For example, in August, the difference was approximately 70 ppm, while in September, it was around 35 ppm. In October, the difference increased to approximately 50 ppm, followed by a decrease to 16 ppm in November. In December, the difference was around 6 ppm, and in January and February, it was approximately 10 ppm. In March, the difference was around 18 ppm. Similarly, in Kraków, the mean difference between nocturnal and daytime CO2 levels showed a similar pattern, with values around 60 ppm in August, 35 ppm in September, 60 ppm in October, 20 ppm in November, 8 ppm in December, 17 ppm in January, 12 ppm in February and approximately 24 ppm in March. These variations in diurnal CO2 levels may be influenced by local effects, contributing to higher or lower concentrations. At Kasprowy Wierch, the differences between nocturnal and daytime CO2 levels were generally minimal, ranging from a few parts per million in summer to 1–2 ppm in fall and winter.

The thermal conversion effect in the atmosphere has been noted, particularly during the nocturnal period. As the temperature decreases at night, the air layer close to the Earth’s surface, enriched with CO2 from plants and soil respiration, can undergo convection and migrate to higher parts of the atmosphere. This phenomenon can lead to dilution and a decrease in CO2 levels if there is sufficient mixing of air masses. However, in situations with limited air mass mixing, such as calm or non-windy weather, higher concentrations of CO2 can persist in the atmosphere for longer durations. Moreover, the biosphere activity has been dominating (but not exclusively) in summer and fall, while anthropogenic sources became more prominent in winter, following the end of the vegetation period. The impact of photosynthesis and plant respiration on CO2 levels becomes limited from late fall until the beginning of the new vegetation period, typically starting in mid-March in Poland. During this period, there was no significant decrease in CO2 levels during the day and an increase at night, as observed during summer. The effects of air mass mixing and fluxes may influence CO2 concentrations in urban areas. Studies conducted in Łódź analysed CO2 exchange above dense built-up city centres, revealing that carbon dioxide emissions generally surpass absorption throughout the year, except for the summer season when lower anthropogenic CO2 emissions coincide with absorption through photosynthesis, resulting in the lowest net flux of CO2 (Pawlak et al., 2010). These findings underscore the complex dynamics of CO2 concentrations in urban environments, influenced by various factors such as emissions sources, seasonal variations and interactions with the biosphere. These results are in line with those obtained by Bezyk et al. (2023), who also identified two main source categories in the city area: fuel combustion and biogenic processes. According to the Bezyk et al. (2023), in 2017 and 2018, in Wrocław, biogenic emissions dominated during the growing season and were reduced due to plant photosynthesis during the summer afternoons, whereas during the winter, local fossil-fuel CO2 originated from domestic heating, vehicle emissions and heat and power plants. Similar results were obtained by scientists all around the world (e.g., Fang et al., 2014; Vardag et al., 2015; Lauvaux et al., 2016; Lin et al., 2018; Metya et al., 2021) who indicated that the mole fractions of atmospheric CO2 exhibit synoptic, diurnal, day-to-day and seasonal variabilities. Similar results were obtained in the simulations (https://stilt.icos-cp.eu/viewer/), where it is possible to observe the contributions from different fluxes for selected places until 2021. The results are separated into (1) contributions from natural fluxes, split up into uptake of CO2 by photosynthesis and release of CO2 by respiration; (2) contributions from anthropogenic emissions, split into fuel-type specific contributions from burning of coal, oil, gas, biofuel and waste and cement production; and (3) emissions from different source categories such as energy production, industrial processes, transportation, residential heating and other processes. The ICOS’s results confirm that in selected areas, the contribution from natural fluxes and anthropogenic emission varied over time, depending on the seasons. The findings confirm those of earlier studies, such as that in summer and autumn, biosphere activities dominated (but not exclusively), and, in winter, after the end of the vegetation period, anthropogenic sources became more prominent. Unfortunately, this simulation is time-limited and there are still no data concerning the investigated period of time under the present study. We recommend that future research examine observed data and data modelled by simulations.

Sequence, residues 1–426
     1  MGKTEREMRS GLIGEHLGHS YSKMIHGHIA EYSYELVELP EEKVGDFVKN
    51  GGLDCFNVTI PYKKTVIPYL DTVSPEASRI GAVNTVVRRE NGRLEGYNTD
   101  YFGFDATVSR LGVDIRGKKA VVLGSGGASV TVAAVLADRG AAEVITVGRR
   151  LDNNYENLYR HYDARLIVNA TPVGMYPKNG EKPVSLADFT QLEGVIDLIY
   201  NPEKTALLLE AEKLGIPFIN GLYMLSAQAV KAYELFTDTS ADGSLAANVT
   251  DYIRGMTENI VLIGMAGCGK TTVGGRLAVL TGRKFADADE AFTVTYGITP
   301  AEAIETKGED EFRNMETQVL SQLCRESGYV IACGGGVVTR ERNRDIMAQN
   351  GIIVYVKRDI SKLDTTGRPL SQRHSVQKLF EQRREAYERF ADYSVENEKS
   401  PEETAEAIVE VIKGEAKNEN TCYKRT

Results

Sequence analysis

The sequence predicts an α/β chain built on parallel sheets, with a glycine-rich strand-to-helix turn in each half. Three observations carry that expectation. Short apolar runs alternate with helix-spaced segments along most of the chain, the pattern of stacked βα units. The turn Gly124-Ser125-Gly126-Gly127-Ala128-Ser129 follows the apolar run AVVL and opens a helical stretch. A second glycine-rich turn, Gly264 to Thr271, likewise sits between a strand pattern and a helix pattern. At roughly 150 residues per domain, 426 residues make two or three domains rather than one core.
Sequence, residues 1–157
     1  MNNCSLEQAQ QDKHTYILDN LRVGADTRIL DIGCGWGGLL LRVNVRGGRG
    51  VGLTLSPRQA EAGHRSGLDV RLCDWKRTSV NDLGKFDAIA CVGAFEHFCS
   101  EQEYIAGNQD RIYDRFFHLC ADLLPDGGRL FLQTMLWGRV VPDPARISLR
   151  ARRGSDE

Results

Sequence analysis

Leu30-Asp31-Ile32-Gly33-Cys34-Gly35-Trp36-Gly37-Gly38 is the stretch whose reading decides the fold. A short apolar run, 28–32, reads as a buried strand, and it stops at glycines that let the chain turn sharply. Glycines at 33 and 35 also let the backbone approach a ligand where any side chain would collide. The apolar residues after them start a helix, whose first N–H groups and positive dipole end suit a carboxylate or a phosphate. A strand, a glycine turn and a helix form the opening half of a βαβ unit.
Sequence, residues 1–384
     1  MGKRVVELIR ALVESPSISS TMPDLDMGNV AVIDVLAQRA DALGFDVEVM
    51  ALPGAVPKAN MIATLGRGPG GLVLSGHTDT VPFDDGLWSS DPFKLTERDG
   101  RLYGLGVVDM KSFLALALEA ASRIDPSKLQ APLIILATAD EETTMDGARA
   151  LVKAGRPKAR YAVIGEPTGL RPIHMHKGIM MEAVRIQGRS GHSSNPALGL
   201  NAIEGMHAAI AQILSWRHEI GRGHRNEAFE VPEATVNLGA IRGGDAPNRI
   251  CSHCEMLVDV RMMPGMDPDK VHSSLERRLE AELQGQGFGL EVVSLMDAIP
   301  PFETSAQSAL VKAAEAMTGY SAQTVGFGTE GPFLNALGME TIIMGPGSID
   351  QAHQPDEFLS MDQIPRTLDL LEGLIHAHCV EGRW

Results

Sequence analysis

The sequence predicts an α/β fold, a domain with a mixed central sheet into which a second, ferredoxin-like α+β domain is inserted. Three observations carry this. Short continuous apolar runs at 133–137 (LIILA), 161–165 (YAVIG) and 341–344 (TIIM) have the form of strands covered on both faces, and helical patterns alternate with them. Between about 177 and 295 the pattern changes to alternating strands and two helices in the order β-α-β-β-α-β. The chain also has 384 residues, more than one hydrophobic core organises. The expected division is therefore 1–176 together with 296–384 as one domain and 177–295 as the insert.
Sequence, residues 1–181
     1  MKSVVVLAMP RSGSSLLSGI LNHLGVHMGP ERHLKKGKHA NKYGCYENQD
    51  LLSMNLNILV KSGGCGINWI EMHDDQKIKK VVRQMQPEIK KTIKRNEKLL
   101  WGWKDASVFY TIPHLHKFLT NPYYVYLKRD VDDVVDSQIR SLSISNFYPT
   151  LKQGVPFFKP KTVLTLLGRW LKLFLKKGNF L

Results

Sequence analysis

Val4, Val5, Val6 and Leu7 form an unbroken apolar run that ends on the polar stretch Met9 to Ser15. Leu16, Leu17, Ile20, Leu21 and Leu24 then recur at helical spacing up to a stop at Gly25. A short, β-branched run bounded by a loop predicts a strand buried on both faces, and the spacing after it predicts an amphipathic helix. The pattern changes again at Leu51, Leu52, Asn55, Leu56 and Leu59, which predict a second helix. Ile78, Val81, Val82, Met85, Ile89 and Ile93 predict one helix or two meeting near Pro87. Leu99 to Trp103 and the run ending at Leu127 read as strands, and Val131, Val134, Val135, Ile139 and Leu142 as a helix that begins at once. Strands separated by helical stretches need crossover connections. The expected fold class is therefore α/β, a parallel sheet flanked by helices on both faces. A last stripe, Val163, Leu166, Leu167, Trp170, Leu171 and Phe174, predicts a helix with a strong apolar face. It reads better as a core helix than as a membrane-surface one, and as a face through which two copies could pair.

In summary, our research highlights the complex interplay of various factors influencing diurnal CO2 variations in urban and mountainous regions. Further investigations into these local effects, thermal conversions and air mass mixing will contribute to a better understanding of the dynamics of CO2 concentrations and their spatial and temporal variations.